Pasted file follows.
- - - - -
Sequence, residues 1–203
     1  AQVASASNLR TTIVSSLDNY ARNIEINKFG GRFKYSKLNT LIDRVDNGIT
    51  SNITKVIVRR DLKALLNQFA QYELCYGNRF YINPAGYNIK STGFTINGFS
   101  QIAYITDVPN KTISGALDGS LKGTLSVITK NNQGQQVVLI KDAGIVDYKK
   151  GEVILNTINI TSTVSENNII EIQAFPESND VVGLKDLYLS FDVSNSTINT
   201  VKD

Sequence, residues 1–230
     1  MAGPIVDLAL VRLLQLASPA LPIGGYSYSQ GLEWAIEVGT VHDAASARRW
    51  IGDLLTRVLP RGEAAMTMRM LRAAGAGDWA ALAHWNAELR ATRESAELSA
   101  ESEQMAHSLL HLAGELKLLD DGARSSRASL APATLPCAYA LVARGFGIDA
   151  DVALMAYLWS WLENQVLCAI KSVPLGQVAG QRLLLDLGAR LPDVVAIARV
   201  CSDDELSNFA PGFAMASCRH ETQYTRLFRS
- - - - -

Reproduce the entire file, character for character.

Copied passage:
Sequence, residues 1–203
     1  AQVASASNLR TTIVSSLDNY ARNIEINKFG GRFKYSKLNT LIDRVDNGIT
    51  SNITKVIVRR DLKALLNQFA QYELCYGNRF YINPAGYNIK STGFTINGFS
   101  QIAYITDVPN KTISGALDGS LKGTLSVITK NNQGQQVVLI KDAGIVDYKK
   151  GEVILNTINI TSTVSENNII EIQAFPESND VVGLKDLYLS FDVSNSTINT
   201  VKD

Sequence, residues 1–230
     1  MAGPIVDLAL VRLLQLASPA LPIGGYSYSQ GLEWAIEVGT VHDAASARRW
    51  IGDLLTRVLP RGEAAMTMRM LRAAGAGDWA ALAHWNAELR ATRESAELSA
   101  ESEQMAHSLL HLAGELKLLD DGARSSRASL APATLPCAYA LVARGFGIDA
   151  DVALMAYLWS WLENQVLCAI KSVPLGQVAG QRLLLDLGAR LPDVVAIARV
   201  CSDDELSNFA PGFAMASCRH ETQYTRLFRS